Our Board of Directors, in a unanimous decision, voted to recognize Juneteenth, celebrated on June 19, as a paid organization holiday beginning this June 2021. As SOS Illinois honors Black History with a series of activities and events beginning this month that will extend throughout the year, this forward-looking move by the Board reaffirms the organization’s commitment to diversity, equity, and inclusion.
History of Juneteenth
Juneteenth marks the day when federal troops arrived in Galveston, Texas in 1865 to take control of the state and ensure that all enslaved people be freed, which came a full two and a half years after the signing of the Emancipation Proclamation. Honoring Juneteenth is more complicated than just recognizing the emancipation of slaves in the U.S. It is a day to continue fighting to end racism in the U.S. that prevents equity, creates disproportionate suffering, and harms Black adults and children across the globe. As an organization, SOS Illinois is committed to continued education and advocacy to seek justice, fairness, and lasting freedom.
The SOS Illinois Commitment to Diversity, Equity, and Inclusion
Our CEO Tim McCormick shared, “We hope by taking this step, we can intentionally encourage and stimulate conversations on the important collective memory of our nation of the impact and cost of racial slavery in America. In so many ways, such an action creates the necessary space for purposeful conversations not just of the racial past, but also to move forward and discover solidarity among each of us.” Tim continued, “The work of our Racial Justice Committee continues to uplift and support this very notion, that as we care for children in foster care, we too can make meaningful contributions to act on behalf of all of those whose lives are treated with biases and oppression.”
As our Villages and services continue to care for children and families of diverse racial and ethnic backgrounds, SOS Illinois is making the commitment to do more to provide diversity and inclusion training, workshops, and education for our Foster Parents and staff. As Chicago continues to be a primary focal point in the fight to eradicate racism – especially racism that affects Black children and adults – we recognize that it is important now more than ever to unify as a force aligned with anti-racism efforts in our city and beyond.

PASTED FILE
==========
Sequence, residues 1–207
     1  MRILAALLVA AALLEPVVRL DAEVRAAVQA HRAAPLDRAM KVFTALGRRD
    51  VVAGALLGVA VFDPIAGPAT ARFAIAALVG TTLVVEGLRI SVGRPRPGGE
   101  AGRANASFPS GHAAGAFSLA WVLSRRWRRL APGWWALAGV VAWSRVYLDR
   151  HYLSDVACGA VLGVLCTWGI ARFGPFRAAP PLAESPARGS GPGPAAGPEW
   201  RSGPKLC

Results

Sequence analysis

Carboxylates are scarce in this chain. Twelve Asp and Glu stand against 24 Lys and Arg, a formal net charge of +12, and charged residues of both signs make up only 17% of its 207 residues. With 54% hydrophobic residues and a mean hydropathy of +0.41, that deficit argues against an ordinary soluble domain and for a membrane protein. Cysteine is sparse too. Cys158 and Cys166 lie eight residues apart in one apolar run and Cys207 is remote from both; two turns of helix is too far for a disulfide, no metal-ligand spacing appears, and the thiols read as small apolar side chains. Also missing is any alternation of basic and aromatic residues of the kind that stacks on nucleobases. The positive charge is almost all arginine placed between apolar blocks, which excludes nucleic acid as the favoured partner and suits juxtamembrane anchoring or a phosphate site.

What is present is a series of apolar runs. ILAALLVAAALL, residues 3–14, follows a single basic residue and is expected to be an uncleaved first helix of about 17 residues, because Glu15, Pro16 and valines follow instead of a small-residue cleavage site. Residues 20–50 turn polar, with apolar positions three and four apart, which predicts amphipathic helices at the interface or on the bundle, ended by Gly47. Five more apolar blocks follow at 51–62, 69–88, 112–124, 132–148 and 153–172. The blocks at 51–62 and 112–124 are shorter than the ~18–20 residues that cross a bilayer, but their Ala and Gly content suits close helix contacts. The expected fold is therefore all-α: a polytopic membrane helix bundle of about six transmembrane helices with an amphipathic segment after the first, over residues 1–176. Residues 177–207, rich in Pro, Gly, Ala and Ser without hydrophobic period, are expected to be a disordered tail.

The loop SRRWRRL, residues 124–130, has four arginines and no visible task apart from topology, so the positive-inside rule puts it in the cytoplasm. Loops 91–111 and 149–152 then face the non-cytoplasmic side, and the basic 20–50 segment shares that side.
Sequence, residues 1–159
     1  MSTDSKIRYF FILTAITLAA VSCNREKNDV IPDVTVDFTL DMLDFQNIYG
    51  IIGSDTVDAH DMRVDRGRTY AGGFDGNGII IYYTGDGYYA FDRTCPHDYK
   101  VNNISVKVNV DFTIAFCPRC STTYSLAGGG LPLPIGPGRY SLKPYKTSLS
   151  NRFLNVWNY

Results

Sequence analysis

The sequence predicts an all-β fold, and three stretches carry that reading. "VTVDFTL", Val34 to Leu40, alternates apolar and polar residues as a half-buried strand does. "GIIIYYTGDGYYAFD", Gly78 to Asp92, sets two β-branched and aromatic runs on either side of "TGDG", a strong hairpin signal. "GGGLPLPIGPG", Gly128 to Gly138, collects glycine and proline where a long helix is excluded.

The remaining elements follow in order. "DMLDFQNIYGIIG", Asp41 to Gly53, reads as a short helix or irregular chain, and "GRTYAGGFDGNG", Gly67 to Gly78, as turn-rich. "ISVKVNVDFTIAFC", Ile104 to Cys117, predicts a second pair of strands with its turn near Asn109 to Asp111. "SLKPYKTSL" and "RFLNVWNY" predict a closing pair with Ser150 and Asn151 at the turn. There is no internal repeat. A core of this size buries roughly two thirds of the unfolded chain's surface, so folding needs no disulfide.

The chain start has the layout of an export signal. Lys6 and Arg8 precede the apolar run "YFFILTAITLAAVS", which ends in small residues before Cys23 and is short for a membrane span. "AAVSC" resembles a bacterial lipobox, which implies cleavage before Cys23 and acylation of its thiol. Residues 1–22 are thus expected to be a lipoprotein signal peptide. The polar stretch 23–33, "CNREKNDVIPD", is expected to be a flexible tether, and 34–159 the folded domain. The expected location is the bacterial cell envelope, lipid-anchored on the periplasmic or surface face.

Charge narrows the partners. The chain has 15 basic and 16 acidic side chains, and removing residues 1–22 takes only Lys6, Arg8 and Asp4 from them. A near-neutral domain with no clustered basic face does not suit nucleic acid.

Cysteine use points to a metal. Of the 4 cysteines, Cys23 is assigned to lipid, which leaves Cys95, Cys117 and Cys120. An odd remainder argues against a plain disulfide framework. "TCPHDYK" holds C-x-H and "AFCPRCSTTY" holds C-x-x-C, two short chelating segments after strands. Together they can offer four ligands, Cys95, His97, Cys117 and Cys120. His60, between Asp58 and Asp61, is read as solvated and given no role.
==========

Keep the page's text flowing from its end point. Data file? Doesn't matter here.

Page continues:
“The SOS Illinois Board of Directors knows we play a critical role in creating an organization that prioritizes, supports, and invests in diversity, inclusion, and equity,” shared SOS Illinois Board President Jim Wolfe. “By designating Juneteenth as a holiday for the organization, we establish a precedent that at every level of the organization, we advocate for social justice reforms both within the organization and surrounding communities.”
The SOS Illinois Racial Justice Committee
Established in May of 2020, the SOS Illinois Racial Justice Committee is working to shed light on the systems of inequity that disproportionately impact people of color, socioeconomic deprivation, poor education, and lack of access to resources. The committee has been working behind the scenes to determine the best approach SOS Illinois can take to address the issues the organization faces today, in particular working to reunite families.
“It has been an honor to see the work the Committee has done thus far,” stated SOS Illinois Board Member Tarrah Cooper-Wright. “This group of staff members and Foster Parents are pushing boundaries in order to identify the areas of greatest need within our organization and surrounding communities to address racial bias and intolerance. Even more so, the committee has been courageous in creating opportunities for culture-sharing and respectful conversation without shying away from uncomfortable topics that are the groundwork to real and lasting change.”
The SOS Illinois Racial Justice Committee’s first initiatives have been to develop Black History Month activities aimed at educating staff and children in its care, as well as a larger project focused on developing a parent handbook that will be provided to birth parents, Foster Parents, and parents in communities served through our programs and services. The handbook will address topics such as: educating parents about their legal rights; training on navigating the court system & DCFS; and advising on utilizing community resources.
SOS Illinois believes that issues of diversity, racial inequality, and justice are crucial for all children in foster care. To learn more – read about Why Black History Month Matters for Children in Foster Care.
Championing SOS Illinois’ Young Dreamers
Join us in nurturing the children in our care further toward their aspirations and full potential. Learn more about becoming an SOS Children’s Villages Illinois Dream Maker.